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Please use this identifier to cite or link to this item: https://dspace.lboro.ac.uk/2134/22615

Title: Disaster risk reduction as a professional competency. A review of related training and education provision for built environment practitioners in the UK and Australia
Authors: Bosher, Lee S.
Chmutina, Ksenia
Von Meding, Jason
Keywords: Disaster risk reduction
Built environment
Professional competencies
Issue Date: 2016
Publisher: University of Auckland
Citation: BOSHER, L., CHMUTINA, K. and VON MEDING, J., 2016. Disaster risk reduction as a professional competency. A review of related training and education provision for built environment practitioners in the UK and Australia. IN: Proceedings of the International Conference on Building Resilience, Auckland, New Zealand, 7 - 9 September 2016.
Abstract: The UN’s Sendai Framework for Disaster Risk Reduction 2015-2030 highlights the importance of engaging multiple stakeholders in Disaster Risk Reduction (DRR). However, questions remain about whether the increasingly broad range of people who are required to make more informed decisions about risk reduction actually have the professional competencies to do so. DRR in the UK is a part of the resilience agenda, which implies a proactive approach to managing disasters and reducing the risks. In Australia, DRR is integrated within national disaster management policy, shifting responsibility away from government towards a proactive private sector, community and individual. When analysed closely it becomes apparent that despite the presence of legislation that encourages integrating such considerations into built environment processes, many built environment practitioners have not received the training required for dealing with DRR. In addition, proactively dealing with disaster risk in both countries is primarily implemented by emergency managers that typically have not been trained to deal with the required range of DRR approaches. These observations suggest that if DRR considerations are going to become better integrated into the (re)development of increasingly urbanised world, then there is a need to better integrate DRR principles into the core professional training (or at least continued professional development) of some of these key built environment practitioners. Therefore with the aim of assessing the extent to which DRR is (or can be) a core professional competency, this paper a) presents a critical review of the current core competency requirements for members of professional institutions, and b) provides an overview of the training of built environment practitioners in the UK and Australia.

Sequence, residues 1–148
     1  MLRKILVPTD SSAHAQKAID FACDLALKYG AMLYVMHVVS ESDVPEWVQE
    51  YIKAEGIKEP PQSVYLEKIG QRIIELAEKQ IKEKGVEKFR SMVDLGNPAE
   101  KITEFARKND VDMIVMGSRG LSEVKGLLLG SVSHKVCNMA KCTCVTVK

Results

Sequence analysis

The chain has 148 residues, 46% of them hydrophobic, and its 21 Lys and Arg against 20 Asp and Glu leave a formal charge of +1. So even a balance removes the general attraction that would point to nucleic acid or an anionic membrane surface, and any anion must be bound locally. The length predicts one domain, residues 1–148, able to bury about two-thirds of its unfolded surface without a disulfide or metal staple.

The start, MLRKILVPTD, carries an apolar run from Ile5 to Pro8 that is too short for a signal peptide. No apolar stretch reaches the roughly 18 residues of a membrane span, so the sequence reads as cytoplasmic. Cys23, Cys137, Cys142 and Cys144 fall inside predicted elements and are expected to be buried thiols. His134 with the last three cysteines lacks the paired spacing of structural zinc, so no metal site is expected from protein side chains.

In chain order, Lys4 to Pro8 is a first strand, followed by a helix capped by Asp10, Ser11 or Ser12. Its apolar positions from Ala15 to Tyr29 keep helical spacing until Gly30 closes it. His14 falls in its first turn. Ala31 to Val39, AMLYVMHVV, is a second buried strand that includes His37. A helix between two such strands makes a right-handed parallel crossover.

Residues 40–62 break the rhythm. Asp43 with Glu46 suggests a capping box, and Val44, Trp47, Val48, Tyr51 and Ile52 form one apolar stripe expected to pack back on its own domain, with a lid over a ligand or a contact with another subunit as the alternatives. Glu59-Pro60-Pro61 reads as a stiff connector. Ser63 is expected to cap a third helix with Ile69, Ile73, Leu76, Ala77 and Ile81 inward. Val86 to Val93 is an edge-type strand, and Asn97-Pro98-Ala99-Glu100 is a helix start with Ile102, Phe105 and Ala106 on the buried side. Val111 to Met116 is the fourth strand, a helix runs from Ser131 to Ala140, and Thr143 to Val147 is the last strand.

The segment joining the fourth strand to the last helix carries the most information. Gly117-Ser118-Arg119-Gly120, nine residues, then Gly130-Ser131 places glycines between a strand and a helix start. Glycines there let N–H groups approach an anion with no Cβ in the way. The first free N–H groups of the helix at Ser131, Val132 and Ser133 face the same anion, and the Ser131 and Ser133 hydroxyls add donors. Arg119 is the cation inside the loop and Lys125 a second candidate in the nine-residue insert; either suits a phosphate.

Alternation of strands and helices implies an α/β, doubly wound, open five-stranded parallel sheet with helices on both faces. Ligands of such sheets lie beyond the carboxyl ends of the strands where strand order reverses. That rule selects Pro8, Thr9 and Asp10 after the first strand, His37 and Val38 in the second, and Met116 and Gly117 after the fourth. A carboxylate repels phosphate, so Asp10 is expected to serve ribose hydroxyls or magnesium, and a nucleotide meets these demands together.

Description: This is a conference paper. It was presented at the 6th International Building Resilience Conference 2016 http://buildresilience2016.nz/
Version: Accepted for publication
URI: https://dspace.lboro.ac.uk/2134/22615
Appears in Collections:Conference Papers and Presentations (Architecture, Building and Civil Engineering)

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